I mentioned Friday that I've completely refactored the section of the Inner Drive Extensible Architecture™—the Idea™—that handles quantitative functions. (I've also decided to make some SDK documentation available.) The actual design of the IMeasurable classes—Length, Speed and the like—bears more discussion.
What I have, essentially, is a collection of .NET structs that implement IMeasurable, one for each kind of thing you want to measure. The old design had a single struct called Numeric that could represent any kind of measurement at all. The change means that the measurement type is now enforced by the compiler rather than the run-time engine, because instead of this:
Numeric meters = new Numeric(10d, new Meter());
Numeric pounds = new Numeric(10d, new Pound());
Numeric compilesFine = meters.Add(pounds);
> IncompatibleUnitException thrown
You get this:
Length meters = new Length(10d, new Meter());
Mass pounds = new Mass(10d, typeof(Pound));
Length wontCompile = pounds.Add(meters);
> Compiler error: no overload of Mass.Add takes Length as a parameter
One thought I had, though, was: why not make each of the units a measureable type to further constrain the design? So you would have this instead:
Pound pounds = new Pound(10);
Gram grams = new Gram(10, MetricExponent.Kilo);
Pound pounds = pounds + grams;
Simply: that would require either dozens of nearly-identical structs, or I would have had to use classes instead. Remember that a struct can't inherit from anything except System.ValueType. So each struct either has to contain all the relevant code (about 1200 lines of it for each of my IMeasurable classes, including documentation), or it has to compose most of its functionality from other, static objects—which is actually quite difficult in this context.
Structs are small very fast, and immutable, which makes them the best choice for small, fast, immutable things like measurements. I'd rather represent measurements with structs than objects, but I'd also like to avoid writing and unit-testing dozens of nearly-identical classes. So I compromised: representing each type of measurement with its own struct (so there are now only 8 of them), and allow the abstract Unit class to define how the individual units interact.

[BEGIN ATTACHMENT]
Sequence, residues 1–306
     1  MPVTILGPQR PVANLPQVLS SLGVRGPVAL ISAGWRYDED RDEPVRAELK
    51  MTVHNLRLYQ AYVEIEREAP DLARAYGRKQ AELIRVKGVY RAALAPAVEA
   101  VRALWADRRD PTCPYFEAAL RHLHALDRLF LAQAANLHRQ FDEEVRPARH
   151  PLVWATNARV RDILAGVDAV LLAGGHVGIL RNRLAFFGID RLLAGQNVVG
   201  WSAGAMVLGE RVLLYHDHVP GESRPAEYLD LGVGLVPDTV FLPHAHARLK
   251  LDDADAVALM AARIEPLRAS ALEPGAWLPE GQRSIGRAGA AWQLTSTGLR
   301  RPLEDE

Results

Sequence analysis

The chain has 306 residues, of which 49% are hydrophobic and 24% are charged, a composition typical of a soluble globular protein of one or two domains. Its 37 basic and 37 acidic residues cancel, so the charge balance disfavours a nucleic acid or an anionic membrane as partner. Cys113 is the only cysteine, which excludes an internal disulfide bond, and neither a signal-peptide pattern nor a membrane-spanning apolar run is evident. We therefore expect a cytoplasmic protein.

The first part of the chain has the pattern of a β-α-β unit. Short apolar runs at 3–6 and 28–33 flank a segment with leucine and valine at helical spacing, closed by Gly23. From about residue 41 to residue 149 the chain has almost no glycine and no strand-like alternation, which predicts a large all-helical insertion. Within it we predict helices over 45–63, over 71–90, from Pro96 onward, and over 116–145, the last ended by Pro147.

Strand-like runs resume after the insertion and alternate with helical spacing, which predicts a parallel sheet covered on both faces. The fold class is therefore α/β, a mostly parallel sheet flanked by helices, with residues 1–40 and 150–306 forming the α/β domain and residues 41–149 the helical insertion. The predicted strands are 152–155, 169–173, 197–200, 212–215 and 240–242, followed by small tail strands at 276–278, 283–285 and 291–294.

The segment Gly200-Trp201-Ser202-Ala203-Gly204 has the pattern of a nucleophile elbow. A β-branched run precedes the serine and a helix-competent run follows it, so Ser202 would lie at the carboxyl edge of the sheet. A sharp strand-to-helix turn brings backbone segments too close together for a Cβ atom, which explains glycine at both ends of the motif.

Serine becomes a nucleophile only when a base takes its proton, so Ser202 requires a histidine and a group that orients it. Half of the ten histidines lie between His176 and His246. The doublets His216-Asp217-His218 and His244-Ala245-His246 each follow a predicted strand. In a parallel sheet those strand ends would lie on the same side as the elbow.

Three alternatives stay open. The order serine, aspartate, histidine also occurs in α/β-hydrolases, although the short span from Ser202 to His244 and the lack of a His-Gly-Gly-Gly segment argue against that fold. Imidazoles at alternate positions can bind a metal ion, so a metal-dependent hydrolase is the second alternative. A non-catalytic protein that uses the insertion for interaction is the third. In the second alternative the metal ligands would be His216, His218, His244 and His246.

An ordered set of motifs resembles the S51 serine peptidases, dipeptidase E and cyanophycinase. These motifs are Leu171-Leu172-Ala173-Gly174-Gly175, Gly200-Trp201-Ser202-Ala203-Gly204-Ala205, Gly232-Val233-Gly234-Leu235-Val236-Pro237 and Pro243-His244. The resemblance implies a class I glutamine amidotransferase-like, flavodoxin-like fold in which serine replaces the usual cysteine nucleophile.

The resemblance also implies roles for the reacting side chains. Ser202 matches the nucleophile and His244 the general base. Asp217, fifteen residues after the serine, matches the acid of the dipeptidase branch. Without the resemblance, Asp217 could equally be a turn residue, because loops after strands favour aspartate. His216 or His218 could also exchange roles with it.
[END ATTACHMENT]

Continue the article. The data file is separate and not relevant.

Check out the Quantitative SDK and let me know what you think.
Usability guru Jakob Nielsen has a new column today reminiscing about the hype of 1997 because it's back in vogue:
The fads and big deals that get the press coverage are not important for running a workhorse website. To serve your customers, it's far better to emphasize simplicity and quality than to chase buzzwords.
There is endless coverage of a few atypical stories in the trade press, mainstream media, and even on specialized Internet-focused websites. Once again, it's worth remembering: your site is different from the ones in big stories. Focus on fixing the basics to get a simple and communicative website. Simple steps don't get hyped, but they drive much more business value for the average site than the issues that everyone writes about.
He includes a sidebar about the fads of 1997 and how they're doing today.
In January, I wrote about framework classes I was working on, and how I wanted to simplify the Inner Drive Extensible Architecture™. I followed up in February with a conundrum concerning how to model the problem. It turned out to be tricky, and time-consuming, and considering I wrote most of it at The Peddler's Daughter in Nashua, N.H., there was a lot of Smithwick's Ale involved.